April 15, 2005,
No sooner had the Indian reservation of Red Lake, Minn., suffered a horrific school shooting than the grief-related clichés began rolling in. The school’s principal described a meeting as a chance to “share our feelings.” One of the many counseling experts on the scene advised teachers to “encourage students to talk about their emotions.”
The bereaved, it turns out, weren’t so eager to “share.” The Washington Post reported that some grief counselors were sitting alone at the makeshift grief centers, because tribal members wanted only to talk in private, with loved ones. The counselors have the best of intentions, but whenever such a tragedy strikes, it brings to mind an old New Yorker cartoon. Two cowboys look at something in the distance. “Hard to tell from here,” one of them comments. “Could be buzzards, could be grief counselors.”
The descent of the counselors on Red Lake is in keeping with an article of contemporary American faith: The talking cure cures all. Expressing or dwelling on your emotions eases grief, cures cancer, lifts your spirits and enhances self-understanding. Yes, many people benefit from therapy, and the depressed and mentally ill should seek help. But our belief in the miraculous power of talk is as unjustified as it is pervasive, according to Christina Hoff Sommers and Sally Satel in their new book, One Nation Under Therapy: How the Helping Culture is Eroding Self-Reliance.
“The universal prescription for trauma [is to] talk about it with any trusted person who will listen,” writes one psychologist, capturing the therapeutic conventional wisdom.
But it’s not so. Studies of earthquake victims and Gulf War veterans show that talking about their experiences didn’t have any effect on their trauma-related anxiety one way or the other.
Such is our faith in talk that it has become widely accepted that if cancer patients attend group-therapy sessions they are likely to survive longer. If only it were true. An extensive 2001 study by Pamela Goodwin an oncologist worried that patients felt obliged to participate in group therapy found that “expressive group therapy does not prolong survival in women with metastatic breast cancer.”
Those disinclined to share their emotions might actually be harmed if forced to participate in therapy. In a Montreal study, heart-attack victims with a repressive coping style i.e., they just don’t want to talk about it who received monthly phone calls to monitor their “psychological distress” became more psychologically distressed. They were more likely to visit the emergency room or be prescribed tranquilizers than repressors who were left (blessedly) alone.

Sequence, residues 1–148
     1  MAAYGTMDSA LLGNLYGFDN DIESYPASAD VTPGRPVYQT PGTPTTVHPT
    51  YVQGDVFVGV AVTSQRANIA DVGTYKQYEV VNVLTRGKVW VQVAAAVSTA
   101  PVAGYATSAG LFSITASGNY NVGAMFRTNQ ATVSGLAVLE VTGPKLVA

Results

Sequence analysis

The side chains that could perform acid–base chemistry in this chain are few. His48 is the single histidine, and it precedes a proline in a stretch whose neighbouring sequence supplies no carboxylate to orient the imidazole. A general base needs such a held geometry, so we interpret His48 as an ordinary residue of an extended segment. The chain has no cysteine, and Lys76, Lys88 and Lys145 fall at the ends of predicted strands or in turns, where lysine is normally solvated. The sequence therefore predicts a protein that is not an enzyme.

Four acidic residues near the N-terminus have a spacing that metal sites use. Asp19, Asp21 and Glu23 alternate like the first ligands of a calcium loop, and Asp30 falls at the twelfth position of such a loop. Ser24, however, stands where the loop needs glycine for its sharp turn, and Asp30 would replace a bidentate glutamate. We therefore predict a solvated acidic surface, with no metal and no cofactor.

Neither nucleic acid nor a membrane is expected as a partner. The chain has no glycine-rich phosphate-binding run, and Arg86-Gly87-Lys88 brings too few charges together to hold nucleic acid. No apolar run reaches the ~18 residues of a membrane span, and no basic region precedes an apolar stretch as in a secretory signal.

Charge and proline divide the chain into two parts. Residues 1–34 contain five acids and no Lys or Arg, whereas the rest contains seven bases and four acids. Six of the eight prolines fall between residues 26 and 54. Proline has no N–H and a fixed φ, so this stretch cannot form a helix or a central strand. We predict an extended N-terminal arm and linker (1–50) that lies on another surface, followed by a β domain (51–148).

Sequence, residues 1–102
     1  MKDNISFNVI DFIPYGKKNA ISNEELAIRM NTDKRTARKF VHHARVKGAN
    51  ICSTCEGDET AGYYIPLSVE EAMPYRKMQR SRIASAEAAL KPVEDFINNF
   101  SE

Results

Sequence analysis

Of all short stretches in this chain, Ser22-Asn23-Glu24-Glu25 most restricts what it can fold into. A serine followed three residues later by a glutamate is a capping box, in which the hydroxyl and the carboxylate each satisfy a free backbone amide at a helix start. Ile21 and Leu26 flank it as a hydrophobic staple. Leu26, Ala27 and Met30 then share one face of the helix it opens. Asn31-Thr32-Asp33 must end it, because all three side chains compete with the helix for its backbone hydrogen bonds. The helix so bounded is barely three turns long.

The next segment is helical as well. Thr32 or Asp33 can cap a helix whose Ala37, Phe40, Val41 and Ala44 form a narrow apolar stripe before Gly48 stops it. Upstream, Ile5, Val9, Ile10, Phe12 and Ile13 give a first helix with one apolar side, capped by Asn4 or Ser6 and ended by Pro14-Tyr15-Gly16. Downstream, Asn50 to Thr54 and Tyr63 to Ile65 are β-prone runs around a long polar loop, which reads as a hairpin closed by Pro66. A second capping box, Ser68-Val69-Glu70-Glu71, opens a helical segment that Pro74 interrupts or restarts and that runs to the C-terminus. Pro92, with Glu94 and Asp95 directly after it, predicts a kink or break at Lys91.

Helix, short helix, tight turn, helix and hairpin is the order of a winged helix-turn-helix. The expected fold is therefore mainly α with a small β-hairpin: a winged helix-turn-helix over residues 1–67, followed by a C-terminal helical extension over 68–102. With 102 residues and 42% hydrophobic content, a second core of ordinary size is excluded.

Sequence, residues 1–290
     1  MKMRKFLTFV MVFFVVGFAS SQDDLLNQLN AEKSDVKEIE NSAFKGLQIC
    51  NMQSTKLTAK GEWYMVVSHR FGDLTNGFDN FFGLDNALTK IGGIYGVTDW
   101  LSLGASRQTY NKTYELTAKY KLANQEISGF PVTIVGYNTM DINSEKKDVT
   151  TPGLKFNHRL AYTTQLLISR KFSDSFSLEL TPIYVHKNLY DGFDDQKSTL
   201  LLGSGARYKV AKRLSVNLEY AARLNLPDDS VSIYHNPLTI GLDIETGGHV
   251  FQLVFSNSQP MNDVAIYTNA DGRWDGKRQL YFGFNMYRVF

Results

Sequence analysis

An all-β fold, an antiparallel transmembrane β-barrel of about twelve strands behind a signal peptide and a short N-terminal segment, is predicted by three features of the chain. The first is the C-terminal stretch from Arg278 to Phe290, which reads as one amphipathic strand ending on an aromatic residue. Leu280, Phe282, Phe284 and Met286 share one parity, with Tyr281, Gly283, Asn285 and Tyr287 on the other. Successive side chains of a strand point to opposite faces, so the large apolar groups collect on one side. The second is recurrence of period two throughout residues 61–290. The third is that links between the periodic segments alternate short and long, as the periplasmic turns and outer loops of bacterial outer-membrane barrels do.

In a passage that will lift the spirits (although they won’t tell you about it) of repressives everywhere, Sommers and Satel summarize the research thusly: Repressors “report less internal conflict, test better at solving problems, exhibit better social skills and have higher education performance. Repressors report less depression, are more popular with peers, are given higher teacher ratings and report better self-image.” In other words, they sound pretty “well adjusted.”
Dwelling on your feelings can be a problem, especially if you’re feeling down. A researcher who compared depressed individuals told to ruminate on their feelings with those not so instructed found that over-thinking tends to “impose a lens that shows a distorted, narrow view of our world.” Indeed, it can “take you down paths to hopelessness, self-hate and immobility.”
All of this means that there is a risk in forcing therapy on the bereaved, who might be perfectly capable of handling their loss on their own (some people, of course, will not).
A 2000 study by University of Memphis researchers found that nearly 40 percent of those “receiving grief therapy actually fared worse than a matched group not receiving treatment.” A 2003 report by the Center for the Advancement of Health found that grief counseling and therapy “may not always be effective, and in some cases may be harmful.”
It is enough to make many of us want to join Sommers and Satel in saying, “Thank you for not sharing.”
Rich Lowry is author of Legacy: Paying the Price for the Clinton Years.
(c) 2004 King Features Syndicate